Amnesty International has welcomed the release of a conscientious objector in Belarus who had been sentenced to one year in prison for "evading military service".
Yevgeny Yakovenko, who refuses to carry arms because of his pacifist convictions, was amnestied by a panel of judges in the south-eastern city of Gomel on 23 July.
He was released under an amnesty marking the 65th anniversary of the end of the second world war.
He has repeatedly requested that he be allowed to perform an alternative military service.
"Yevgeny Yakovenko's release is a positive step but there is still no alternative civilian service in Belarus, which means that he may be summoned to perform military service again," said Heather McGill, Amnesty International's researcher on Belarus.
"The authorities must ensure that Yevgeny Yakovenko's right to conscientious objection is observed and that he is not prosecuted again for his beliefs."
Yevgeny Yakovenko's release comes after two other conscientious objectors, Ivan Mikhailau and Dzmitry Smyk, were freed in May.
Both men had refused to carry arms on religious grounds and had asked to perform an alternative civilian service.
Yevgeny Yakovenko, a member of opposition party the Belarusian Christian Democracy, was charged with "evading military service" on 20 January 2010.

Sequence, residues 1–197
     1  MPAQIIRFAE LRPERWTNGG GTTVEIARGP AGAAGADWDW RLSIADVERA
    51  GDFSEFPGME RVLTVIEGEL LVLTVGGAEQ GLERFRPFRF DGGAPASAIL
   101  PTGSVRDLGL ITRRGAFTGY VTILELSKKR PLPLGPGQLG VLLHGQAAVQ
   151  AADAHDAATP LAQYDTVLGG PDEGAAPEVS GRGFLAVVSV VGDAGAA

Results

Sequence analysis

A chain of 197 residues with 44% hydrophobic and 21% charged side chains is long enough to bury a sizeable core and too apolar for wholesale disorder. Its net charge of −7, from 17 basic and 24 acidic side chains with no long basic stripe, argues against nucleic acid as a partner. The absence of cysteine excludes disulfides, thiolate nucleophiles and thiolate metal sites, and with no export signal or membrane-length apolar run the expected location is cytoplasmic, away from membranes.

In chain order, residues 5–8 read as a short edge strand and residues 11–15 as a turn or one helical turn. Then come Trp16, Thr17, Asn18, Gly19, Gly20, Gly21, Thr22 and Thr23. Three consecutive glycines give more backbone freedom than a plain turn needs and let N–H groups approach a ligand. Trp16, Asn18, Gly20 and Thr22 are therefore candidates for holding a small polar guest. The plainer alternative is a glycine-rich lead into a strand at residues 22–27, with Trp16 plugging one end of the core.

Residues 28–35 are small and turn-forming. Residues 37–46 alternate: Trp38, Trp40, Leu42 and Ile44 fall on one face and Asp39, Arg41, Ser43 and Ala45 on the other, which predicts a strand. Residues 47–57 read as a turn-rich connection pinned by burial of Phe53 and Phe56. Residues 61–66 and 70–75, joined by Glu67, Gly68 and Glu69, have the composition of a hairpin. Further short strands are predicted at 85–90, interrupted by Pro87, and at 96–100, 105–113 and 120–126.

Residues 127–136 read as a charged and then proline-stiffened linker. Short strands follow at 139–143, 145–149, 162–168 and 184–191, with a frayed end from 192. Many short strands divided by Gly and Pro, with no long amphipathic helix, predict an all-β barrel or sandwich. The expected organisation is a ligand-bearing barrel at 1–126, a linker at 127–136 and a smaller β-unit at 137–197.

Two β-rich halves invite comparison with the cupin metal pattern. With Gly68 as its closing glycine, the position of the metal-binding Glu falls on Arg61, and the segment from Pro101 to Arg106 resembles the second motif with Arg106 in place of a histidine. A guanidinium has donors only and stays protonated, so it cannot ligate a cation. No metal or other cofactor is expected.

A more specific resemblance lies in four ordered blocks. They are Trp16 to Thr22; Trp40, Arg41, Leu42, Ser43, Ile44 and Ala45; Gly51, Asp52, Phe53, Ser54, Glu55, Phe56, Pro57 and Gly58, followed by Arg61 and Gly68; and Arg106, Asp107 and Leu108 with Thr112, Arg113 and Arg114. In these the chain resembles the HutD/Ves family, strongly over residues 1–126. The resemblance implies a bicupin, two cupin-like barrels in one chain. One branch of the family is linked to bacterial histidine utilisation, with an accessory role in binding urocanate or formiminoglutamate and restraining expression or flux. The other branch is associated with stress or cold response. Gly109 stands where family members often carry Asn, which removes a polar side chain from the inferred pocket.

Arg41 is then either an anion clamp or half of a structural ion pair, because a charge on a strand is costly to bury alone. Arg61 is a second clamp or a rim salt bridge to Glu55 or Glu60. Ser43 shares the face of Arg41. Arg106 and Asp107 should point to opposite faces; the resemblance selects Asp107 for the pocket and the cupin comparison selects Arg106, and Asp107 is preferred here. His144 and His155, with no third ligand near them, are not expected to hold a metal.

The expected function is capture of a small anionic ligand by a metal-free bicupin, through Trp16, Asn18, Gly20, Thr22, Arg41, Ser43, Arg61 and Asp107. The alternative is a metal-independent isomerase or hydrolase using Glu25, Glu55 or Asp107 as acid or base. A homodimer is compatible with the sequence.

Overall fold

He was found guilty by the Central District Court in Gomel on 4 June.
On 10 June Amnesty International sent a letter to the Prosecutor General in Belarus, Grigory Alekseevich, calling for Yevgeny Yakovenko's release.
The Constitution of Belarus allows for the possibility of exemption from military service and for the substitution of military service by an alternative service to be determined by the law.
However, the laws allowing for an alternative civilian service have not yet been passed which means that many young men continue to be prosecuted.
"The Belarusian authorities must absolve all conscientious objectors from military service and provide them with a genuine civilian alternative," said Heather McGill.
The right to refuse to perform military service for reasons of conscience is inherent in the right to freedom of thought, conscience and religion in the International Covenant on Civil and Political Rights and the Universal Declaration of Human Rights.